"What we need right now is somebody in office that has optimistic urgency," he said, "an urgent call to work for the people."

In Clatsop County, Meshell said a focus needs to be placed on tourism and an emphasis on opening Columbia River ports to trade. That means deepening the channel for deeper-draft vessels and finding new markets for Oregon in Asia and elsewhere.

He believes technology companies could be lured to the county if the federal government could provide the right kind of incentives and an willingness to work with them. He also has a plan in which local business people and others are matched with students. His "champion for every child" program would ensure that each child in a public school has someone looking over their shoulder to ensure they get help and support to become successful, he said.

"We must build an affordable world-class education achievement system where involved parents have choices and teachers are heroes," he said.

'Continue fight on terrorism'If Ameri wins the election, she would make history as the first Iranian-born congresswoman. She said she moved to the United States with her family when she was 17 and felt her background would be extremely helpful in discussions on the war on terrorism.

Goli AmeriA staunch supporter of President Bush, Ameri said she's able to speak from a unique point of view because she is Iranian. And, in her opinion, she argues the war in Iraq is an "investment in our future security" - and doesn't want to see the nation stop fighting it.

"I don't want to see our resolve in this country weaken," she said. "The terrorists are looking for a lack of resolve."

Ameri is married with two teenage sons. She is a member of Sen. Smith's finance committee and past member of the executive committees of the San Francisco and Oregon Republican parties.

She said she wants to be elected to Congress to combat high unemployment. The founder and president of eTinium, a marketing and research firm for the telecommunications industry, Ameri said her background in business gives her the edge.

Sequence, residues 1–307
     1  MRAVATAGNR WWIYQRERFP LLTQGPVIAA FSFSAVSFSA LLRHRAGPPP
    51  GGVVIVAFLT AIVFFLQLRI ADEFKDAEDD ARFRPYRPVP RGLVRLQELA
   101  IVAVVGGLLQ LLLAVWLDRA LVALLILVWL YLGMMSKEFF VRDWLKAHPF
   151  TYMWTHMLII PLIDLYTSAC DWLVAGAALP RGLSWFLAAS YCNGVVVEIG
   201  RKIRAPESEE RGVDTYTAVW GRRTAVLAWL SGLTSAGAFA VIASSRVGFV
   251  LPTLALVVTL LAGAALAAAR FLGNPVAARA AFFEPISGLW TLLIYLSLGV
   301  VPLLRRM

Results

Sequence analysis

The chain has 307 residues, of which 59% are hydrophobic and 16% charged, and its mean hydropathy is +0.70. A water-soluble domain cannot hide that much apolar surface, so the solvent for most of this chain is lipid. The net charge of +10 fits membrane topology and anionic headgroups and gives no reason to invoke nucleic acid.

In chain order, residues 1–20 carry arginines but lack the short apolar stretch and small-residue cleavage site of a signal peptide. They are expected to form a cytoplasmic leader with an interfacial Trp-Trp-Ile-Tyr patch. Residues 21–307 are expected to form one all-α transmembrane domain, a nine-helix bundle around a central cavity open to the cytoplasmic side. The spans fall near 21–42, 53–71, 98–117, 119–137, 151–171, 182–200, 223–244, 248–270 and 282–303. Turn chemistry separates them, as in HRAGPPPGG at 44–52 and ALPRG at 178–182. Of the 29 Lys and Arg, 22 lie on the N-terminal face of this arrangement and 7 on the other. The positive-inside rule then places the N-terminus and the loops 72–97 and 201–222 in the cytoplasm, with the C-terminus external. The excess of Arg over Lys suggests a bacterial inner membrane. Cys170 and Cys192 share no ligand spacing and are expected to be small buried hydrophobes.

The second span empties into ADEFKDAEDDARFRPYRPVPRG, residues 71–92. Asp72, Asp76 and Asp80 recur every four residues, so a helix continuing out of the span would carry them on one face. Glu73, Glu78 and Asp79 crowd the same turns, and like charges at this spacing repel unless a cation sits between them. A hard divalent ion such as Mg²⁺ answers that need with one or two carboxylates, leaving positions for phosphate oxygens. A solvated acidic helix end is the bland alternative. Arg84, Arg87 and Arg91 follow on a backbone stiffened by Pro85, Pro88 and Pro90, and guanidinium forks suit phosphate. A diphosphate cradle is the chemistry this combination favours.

With timber and technology industries, Ameri said the 1st District should be one of the few areas in Oregon starting to build toward an economic recovery, but she said that's not happening. "I feel we have a congressman who's missing in action," she said.

She said she would stop raising taxes and try to promote the idea of "branding" the state.

She said Oregon is one of the leaders of the sports apparel industry, but doesn't capitalize on it. "Do you think anyone knows that? And this is such a cool and snazzy and hip business that people can relate to," she said.

The same is true of technology, she said. If Oregon is marketed better, Ameri said new companies would bring in jobs to curb rising unemployment.

Living in Tigard, Ameri admits she doesn't know the North Coast too well. But she plans to visit to gain a better understanding.

But Ameri said unemployment in Clatsop County is no different than other parts of the district.

She said she'd try to help by looking to the China market that Wu has opposed to find new opportunities for timber, fishing and agriculture industries to sell their goods.

"We really need to make sure and put a focus on farmers and fisherman," she said. "They are the backbone of Oregon industry."